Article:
Affirmative action ensures Chicago’s elite high schools admit a racial, ethnic and socioeconomic mix of students, writes Kevin Mahnken on The 74. “The district is now held up as a model to others that have struggled to diversify their own exam schools.”
But, despite fierce competition for seats at the 11 high schools, there’s no evidence those who get in do better academically than similar students who just miss the cutoff, new research shows. Disadvantaged students do worse at elite high schools. They earn lower grades than similar students who weren’t admitted and are less likely to attend a selective college. Their test scores don’t improve.
A second study by MIT economists suggests a reason, Mahnken writes. Many disadvantaged students rejected by selective schools go on to attend a high-performing charter high school in the Noble Network.
Noble students, who come from lower-income Hispanic and black families, earn higher test scores and grades. They’re more likely to complete at least four semesters of college, earlier research found.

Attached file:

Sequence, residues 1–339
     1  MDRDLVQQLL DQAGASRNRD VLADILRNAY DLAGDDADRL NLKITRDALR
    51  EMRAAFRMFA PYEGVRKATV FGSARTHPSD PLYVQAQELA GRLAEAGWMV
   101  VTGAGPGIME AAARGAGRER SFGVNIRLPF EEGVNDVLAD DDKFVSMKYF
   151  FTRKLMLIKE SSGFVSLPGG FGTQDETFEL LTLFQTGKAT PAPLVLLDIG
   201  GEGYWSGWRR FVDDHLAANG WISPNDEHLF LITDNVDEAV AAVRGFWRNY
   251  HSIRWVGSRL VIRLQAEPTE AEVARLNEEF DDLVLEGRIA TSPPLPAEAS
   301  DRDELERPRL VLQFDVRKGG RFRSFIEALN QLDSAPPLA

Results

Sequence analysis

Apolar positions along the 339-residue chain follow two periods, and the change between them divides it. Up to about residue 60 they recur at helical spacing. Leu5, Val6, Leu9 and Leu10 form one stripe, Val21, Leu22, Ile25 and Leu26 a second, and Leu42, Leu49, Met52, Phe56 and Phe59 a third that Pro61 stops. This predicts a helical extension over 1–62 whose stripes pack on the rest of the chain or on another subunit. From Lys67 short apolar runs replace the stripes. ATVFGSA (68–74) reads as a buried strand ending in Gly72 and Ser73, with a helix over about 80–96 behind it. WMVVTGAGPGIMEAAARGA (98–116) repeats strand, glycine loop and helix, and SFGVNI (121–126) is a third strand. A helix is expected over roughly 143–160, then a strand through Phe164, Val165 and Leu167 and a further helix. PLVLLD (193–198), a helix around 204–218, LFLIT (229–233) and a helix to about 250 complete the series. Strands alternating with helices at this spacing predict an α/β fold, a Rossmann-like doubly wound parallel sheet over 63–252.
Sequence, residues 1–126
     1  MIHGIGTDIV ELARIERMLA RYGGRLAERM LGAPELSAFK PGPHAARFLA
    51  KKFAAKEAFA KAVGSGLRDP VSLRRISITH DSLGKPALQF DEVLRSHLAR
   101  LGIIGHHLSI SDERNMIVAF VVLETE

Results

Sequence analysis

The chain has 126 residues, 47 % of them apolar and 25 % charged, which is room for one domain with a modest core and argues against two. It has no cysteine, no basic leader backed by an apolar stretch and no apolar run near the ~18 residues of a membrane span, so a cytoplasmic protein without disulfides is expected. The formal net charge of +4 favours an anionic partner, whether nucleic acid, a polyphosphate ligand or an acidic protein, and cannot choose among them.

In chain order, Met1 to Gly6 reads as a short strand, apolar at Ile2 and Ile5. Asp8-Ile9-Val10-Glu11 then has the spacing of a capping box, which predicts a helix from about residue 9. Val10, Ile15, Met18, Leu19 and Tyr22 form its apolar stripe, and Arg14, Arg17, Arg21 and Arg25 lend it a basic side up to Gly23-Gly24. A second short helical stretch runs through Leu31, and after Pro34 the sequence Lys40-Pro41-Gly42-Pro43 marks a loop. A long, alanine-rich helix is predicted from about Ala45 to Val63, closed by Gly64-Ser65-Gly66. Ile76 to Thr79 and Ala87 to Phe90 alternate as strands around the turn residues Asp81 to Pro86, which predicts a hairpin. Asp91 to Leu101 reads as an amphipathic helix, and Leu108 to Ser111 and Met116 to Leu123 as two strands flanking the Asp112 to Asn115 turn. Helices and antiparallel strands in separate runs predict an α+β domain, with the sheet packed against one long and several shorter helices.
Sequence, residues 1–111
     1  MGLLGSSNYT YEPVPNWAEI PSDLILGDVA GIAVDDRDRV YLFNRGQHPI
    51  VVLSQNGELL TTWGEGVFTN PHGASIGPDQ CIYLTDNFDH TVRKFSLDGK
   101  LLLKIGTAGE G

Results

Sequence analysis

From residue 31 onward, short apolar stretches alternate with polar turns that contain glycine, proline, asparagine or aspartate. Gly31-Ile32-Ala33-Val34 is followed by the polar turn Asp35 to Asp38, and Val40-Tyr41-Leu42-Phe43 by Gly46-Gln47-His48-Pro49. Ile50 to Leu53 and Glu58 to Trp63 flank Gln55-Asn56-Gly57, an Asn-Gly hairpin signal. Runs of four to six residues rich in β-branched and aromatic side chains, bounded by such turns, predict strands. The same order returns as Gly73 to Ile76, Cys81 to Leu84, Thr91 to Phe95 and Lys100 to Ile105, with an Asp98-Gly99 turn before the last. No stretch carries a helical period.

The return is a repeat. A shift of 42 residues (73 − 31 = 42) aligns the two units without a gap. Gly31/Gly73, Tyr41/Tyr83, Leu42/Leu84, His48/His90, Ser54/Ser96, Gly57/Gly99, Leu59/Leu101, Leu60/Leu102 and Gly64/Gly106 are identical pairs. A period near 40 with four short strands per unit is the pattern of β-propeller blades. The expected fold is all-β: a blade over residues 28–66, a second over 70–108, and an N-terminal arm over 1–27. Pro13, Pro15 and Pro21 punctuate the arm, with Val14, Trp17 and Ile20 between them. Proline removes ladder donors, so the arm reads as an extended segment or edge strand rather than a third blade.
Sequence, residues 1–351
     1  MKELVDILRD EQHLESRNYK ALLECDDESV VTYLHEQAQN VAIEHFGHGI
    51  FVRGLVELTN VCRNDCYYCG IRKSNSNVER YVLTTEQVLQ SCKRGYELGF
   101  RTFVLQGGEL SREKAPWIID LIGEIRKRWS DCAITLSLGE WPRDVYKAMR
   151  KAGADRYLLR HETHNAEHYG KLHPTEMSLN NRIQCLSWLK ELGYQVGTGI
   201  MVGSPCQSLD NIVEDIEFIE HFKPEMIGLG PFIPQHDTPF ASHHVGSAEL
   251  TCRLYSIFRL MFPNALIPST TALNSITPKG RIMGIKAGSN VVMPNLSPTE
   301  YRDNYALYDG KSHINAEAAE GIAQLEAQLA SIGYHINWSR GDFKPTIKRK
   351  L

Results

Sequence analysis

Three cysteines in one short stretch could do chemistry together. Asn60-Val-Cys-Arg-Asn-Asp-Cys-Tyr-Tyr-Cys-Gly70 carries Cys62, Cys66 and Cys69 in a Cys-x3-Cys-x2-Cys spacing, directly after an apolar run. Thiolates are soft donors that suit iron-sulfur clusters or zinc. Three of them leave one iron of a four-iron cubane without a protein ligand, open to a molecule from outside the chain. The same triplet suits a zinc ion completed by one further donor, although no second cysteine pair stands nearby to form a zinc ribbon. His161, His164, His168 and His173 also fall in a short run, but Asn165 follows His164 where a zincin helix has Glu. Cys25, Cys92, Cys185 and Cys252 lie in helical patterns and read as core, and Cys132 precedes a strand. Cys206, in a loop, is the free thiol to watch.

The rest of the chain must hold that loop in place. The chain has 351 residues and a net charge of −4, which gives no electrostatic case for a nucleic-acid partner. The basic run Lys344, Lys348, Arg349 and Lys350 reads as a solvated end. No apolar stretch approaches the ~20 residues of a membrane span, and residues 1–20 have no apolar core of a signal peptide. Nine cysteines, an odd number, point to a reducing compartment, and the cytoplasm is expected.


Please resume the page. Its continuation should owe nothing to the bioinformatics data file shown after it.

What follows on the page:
Chicago Magazine listed 13 of 17 Noble high schools in its 2019 list of the city’s best public schools. All Noble schools are open admissions. Like the Success charter network in New York City, Noble schools feature high expectations and strict discipline.
Advantaged students may not benefit from elite high schools either, Mahnken notes.
Prior research has indicated that the academic performance of students at storied institutions like Boston Latin or Stuyvesant was more attributable to their own aptitude (and perhaps their families’ resources) than to anything going on inside classrooms. In other words, the high-flying applicants would likely excel anywhere.
Economists calls this the “Elite Illusion.”
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